Leokwe Camp: Feeling the Spirits
Mapungubwe’s Leokwe Camp is a very special place, with an atmosphere unlike any other camp in all SANParks. It is almost like there is a higher presence there... an aura of great power. Perhaps it is the watchful gaze of the often-hidden surrounding wildlife... rock hyrax, klipspringer, baboon or the elusive leopard. Or maybe it is something less understood – the spirit of the ancestors of a once great civilisation that thrived nearby.
As I write to you from my cottage here in camp I am surrounded by sandstone rock formations and cliffs, mostly an ochre colour, but with many darker greyer parts where water has washed through the rock over thousands of years. The soft sandstone rock is riddled with crevices and fissures from endless weathering, but also from the roots of many fig trees that amazingly grow on the rock without apparent need for soil and their nutrients. Some of these trees defy gravity and grow out sideways, and even upside down.
But where there is soil there is a concoction of different trees. Some look relatively normal – some acacias, combretums and mopane – but there are also lots of baobabs, squadrons of them dotting the surrounding hillsides, plus these intriguing little trees known as “kanniedoods” in Afrikaans and zebra-bark corkwoods in English, which look like they are dead or dying, but are very much alive. They look like old fatigued people with hunched figures and gnarled fingers and pale fading skin.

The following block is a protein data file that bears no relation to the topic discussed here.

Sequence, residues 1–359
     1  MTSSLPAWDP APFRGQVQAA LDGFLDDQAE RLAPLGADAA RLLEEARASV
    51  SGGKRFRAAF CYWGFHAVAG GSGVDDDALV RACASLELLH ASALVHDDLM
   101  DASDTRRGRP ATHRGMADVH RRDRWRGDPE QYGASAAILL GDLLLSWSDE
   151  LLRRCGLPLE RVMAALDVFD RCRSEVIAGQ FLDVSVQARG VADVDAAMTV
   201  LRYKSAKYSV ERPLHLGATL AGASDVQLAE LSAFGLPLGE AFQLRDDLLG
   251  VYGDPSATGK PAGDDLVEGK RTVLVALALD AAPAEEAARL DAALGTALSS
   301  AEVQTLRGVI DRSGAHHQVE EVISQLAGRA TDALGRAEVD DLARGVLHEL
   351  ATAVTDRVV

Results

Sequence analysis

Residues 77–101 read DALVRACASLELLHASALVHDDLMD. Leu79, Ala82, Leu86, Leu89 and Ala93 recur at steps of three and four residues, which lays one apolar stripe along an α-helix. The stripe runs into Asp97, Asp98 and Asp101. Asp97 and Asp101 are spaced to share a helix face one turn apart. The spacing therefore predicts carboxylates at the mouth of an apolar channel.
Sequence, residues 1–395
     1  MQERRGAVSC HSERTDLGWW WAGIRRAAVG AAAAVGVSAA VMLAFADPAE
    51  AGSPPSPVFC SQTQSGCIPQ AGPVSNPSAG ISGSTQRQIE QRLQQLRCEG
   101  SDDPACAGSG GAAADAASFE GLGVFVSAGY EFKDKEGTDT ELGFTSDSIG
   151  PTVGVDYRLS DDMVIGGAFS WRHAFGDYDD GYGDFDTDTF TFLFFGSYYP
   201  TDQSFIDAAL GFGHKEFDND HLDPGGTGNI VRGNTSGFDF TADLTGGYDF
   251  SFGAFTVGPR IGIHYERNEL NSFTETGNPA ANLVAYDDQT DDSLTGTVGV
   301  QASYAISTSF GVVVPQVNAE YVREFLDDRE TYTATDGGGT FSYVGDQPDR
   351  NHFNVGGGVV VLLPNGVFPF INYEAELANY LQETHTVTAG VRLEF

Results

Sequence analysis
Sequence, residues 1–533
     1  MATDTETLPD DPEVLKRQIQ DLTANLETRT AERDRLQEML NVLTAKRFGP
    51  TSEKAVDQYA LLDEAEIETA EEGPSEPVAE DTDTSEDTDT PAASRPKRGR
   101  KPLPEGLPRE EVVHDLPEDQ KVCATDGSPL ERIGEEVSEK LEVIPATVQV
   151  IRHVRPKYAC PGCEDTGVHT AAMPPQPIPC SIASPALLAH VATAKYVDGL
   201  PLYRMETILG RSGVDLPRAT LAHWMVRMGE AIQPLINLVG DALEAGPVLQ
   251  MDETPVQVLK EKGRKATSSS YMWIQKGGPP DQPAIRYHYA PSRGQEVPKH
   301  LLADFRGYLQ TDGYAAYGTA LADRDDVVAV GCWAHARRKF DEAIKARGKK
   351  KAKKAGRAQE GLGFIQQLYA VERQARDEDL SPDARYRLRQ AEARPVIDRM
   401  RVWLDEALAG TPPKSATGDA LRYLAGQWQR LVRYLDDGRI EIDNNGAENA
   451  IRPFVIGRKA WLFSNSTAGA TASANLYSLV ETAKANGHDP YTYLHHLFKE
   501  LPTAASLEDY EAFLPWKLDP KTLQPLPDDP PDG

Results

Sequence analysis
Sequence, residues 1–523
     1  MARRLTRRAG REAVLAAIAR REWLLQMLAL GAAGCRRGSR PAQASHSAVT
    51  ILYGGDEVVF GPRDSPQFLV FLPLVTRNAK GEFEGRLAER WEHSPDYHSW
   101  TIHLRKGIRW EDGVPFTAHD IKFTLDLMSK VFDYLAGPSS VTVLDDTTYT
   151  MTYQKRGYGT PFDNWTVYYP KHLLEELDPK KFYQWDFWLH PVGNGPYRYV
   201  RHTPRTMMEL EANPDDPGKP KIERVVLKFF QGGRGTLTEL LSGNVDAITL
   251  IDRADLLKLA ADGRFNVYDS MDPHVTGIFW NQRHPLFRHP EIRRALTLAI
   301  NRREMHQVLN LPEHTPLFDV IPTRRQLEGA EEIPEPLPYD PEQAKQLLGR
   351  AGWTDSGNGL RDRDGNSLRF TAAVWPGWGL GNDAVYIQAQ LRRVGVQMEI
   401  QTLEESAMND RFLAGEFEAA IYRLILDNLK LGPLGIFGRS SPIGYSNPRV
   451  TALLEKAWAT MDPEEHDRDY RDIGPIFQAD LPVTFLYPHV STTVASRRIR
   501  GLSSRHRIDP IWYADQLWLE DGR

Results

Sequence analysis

Right: Mighty baobab close to Leokwe
And then of course for me there is always the birds – mocking cliff-chats, Meyer’s parrots and tropical boubous are just some of the ones I can see or hear as I write. Cinnamon-breasted buntings, long-billed crombecs, yellow-fronted canaries, blue waxbills and grey penduline-tits are found in most of the day time bird parties that pass through the camp, gleaning insects and seeds from the lower, mid and upper stratums of the trees and shrubs. At nightfall the yap of freckled nightjars, the piercing whistle of pearl-spotted owlets and the mournful hoot of spotted eagle-owls take over. Leokwe is a place with soul!
Kanniedood Tree (Zebra-bark corkwood Commiphera viminea)